Car dealerships, for instance, have already worked out the discounts levels they can offer you. Usually, this is 8-10% off the RRP. Some reps make you work harder for these discounts than others. A lot just offer 10% discount upfront without getting anything in return.


It is easier for retailers to give you something for free rather than a refund or excessive discount. Many retailers prefer to promote bigger sizes or buy one get one free rather than a straight 25% off (or a discount that goes below the floor price).



Consumers, in turn, need to look to get at least 10% discount on big spent items like cars, windows, fridges, TVs, as well as asking the retailer to throw in something else you want for free. If it’s a car, ask for a tinted windscreen, leather upholstery, better tyres, etc. If it’s a hotel room, always ask for an upgrade.


Has online retail changed the haggle experience?

Online retailing has made haggle price understanding a little easier for customers. Now we can all compare prices for the same item across many retail sites and then use this information to price beat in-store retailers in lowering their prices.


In 2012, Target was one of the first brick and mortar stores to announce that it would match prices sold by any retailers including Amazon.com and BestBuy.com.


Customers should take a more creative approach to haggling. They should be more explicit on precisely what they want and understand value beyond price. They should make a less combative stance and ask more questions. Finally, they should listen very carefully to the negotiating incentives that the salesperson is offering; to call their bluff and see through shallow price match guarantees.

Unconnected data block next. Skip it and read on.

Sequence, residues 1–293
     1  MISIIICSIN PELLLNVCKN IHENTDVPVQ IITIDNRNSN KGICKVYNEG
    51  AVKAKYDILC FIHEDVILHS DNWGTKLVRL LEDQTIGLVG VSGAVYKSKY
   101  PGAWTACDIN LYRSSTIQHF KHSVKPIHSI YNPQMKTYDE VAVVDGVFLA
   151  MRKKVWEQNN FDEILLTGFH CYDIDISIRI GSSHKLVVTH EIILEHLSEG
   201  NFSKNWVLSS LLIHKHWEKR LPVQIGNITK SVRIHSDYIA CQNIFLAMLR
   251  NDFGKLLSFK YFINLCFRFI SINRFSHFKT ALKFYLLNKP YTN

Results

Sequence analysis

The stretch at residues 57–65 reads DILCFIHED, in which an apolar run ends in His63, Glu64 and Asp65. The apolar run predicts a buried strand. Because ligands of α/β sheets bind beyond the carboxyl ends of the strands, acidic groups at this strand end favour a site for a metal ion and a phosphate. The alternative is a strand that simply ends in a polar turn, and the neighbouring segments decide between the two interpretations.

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Checklist for customers on haggle price

Think carefully about the utility and purpose of the product you are buying. Don’t buy something else that does not entirely meet your needs.

  • Have criteria to buy well in advance of the negotiation.
  • Seek out salespeople who have good product knowledge and ability. To inform you about alternative offers and trade offers so you can find a better value
  • Evaluate what the retailer is offering beyond price alone. Cheapest is not always the best – you’ll probably pay more in the long run



Customers need to be clear about why they want what they want. They also need to be a bit more retail savvy and understand why the retailer wants what they want. In this way, you can get the most out of their promotions and offers; and not get stung with their differential pricing strategies.


Retailers haggle with their buyers because they don’t have any idea how their customers value their goods; or what they should do to gain an understanding of their customers’ needs.